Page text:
Around nine years ago I read Nicholas Taleb’s seminal texts The Black Swan (2007) and Fooled by Randomness (2001) and I loved them both. For venture investors everywhere The Black Swan suddenly provided a framework and lingua franca for understanding our business – betting on extreme outcomes that have a low probability of occurring, and perhaps more subtly for those working in this world, an understanding role of chance is critical to distinguishing talent from luck (although we all need luck).
But for me the books were about more than these two key takeaways, they were also an amusingly written philosophy of life and a celebration of avoiding the herd mentality and thinking differently.
One small part of that which has stayed with me is Taleb’s oft repeated advice “Don’t run for trains”. I like this advice because running for trains is stressful and it seems to me that we often take on that stress without really thinking it through. There’s a problem, however, which is that sometimes when we miss trains it makes us late, and it’s rude to be late.
When I was riding my bike to work this morning, Taleb’s advice “Don’t run for trains” popped into my mind. That’s happened a fair few times over the years and as I’ve done before I rehearsed the argument made in the previous paragraph. Then, rather than return to thinking about my day as usually would, I pondered the advice a little longer. I wanted to resolve the dichotomy between the good and the bad sides of “not running for trains” and maybe get a better idea of what Taleb was getting at.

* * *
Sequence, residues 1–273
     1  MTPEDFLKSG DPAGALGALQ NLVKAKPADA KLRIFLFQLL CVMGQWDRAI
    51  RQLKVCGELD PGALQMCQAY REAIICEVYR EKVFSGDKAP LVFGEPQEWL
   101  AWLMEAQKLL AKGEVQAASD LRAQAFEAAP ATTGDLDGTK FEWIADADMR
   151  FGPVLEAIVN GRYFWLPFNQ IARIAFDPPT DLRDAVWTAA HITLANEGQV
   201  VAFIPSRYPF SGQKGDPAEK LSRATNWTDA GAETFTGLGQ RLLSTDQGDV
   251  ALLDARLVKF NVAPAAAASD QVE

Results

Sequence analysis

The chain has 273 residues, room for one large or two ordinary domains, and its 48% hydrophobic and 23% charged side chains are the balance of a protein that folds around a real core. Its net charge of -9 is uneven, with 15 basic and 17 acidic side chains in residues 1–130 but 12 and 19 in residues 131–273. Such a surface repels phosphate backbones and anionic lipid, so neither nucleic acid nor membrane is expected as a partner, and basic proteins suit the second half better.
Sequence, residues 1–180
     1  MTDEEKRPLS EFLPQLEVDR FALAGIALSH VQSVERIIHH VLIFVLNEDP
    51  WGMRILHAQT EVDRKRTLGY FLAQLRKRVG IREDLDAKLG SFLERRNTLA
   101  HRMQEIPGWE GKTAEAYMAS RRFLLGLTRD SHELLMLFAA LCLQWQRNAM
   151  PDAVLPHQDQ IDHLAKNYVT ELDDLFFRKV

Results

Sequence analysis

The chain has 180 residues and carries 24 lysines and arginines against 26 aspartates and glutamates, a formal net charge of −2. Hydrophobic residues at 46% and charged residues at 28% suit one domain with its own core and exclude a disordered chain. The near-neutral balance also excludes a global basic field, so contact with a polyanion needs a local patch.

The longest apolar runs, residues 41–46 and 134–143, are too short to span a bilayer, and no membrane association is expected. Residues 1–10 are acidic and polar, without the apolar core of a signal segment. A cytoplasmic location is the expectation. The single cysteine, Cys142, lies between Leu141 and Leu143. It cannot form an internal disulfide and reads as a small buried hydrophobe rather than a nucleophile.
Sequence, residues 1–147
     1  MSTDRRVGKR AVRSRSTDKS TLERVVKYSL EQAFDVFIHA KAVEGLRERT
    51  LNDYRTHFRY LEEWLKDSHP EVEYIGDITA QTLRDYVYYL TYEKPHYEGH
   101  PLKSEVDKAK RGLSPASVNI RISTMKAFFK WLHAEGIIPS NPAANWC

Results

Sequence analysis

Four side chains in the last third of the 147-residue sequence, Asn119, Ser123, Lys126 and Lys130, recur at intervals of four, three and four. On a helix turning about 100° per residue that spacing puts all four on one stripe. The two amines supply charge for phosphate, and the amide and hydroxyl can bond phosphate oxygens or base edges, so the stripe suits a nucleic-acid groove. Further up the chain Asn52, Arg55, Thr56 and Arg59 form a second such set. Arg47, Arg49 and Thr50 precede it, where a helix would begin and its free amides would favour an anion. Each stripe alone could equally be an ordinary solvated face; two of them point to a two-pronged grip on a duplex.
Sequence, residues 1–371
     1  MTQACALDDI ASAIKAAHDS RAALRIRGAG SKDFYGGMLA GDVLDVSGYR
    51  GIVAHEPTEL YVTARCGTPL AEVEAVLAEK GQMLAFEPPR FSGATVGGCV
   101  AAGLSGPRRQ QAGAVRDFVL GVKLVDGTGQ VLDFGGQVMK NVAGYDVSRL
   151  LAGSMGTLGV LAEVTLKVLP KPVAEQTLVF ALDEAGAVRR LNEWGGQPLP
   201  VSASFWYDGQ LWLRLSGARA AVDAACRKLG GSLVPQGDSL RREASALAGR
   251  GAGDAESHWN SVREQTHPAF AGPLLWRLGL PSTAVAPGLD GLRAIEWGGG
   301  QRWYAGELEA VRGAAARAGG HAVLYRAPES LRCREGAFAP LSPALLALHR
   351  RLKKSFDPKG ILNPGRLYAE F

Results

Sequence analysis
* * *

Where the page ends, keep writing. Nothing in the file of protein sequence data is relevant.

For me the answer is that Taleb’s point is to avoid over-valuing short term gains. If you run and get the train it feels good for a short while, but you will have forgotten it before long, so why put yourself through it. Better surely to apply yourself to something that will deliver value over the longer term. This chimes with Taleb’s long term investment strategy. In his books he repeatedly shows his disdain for investors who chase short term gains (he calls them “yield hogs”) whilst not understanding their long term risks. Moreover, running for trains is often a frenzied activity of the type that with hindsight turns out to be ill-advised.
In the startup world, examples of “running for trains” mostly involve chasing short term growth at the expense of long term value:
- Selling a poor quality product or service which undermines the brand
- Putting so much advertising on a web page that it destroys the customer experience
- Tricking people onto a website with a misleading promise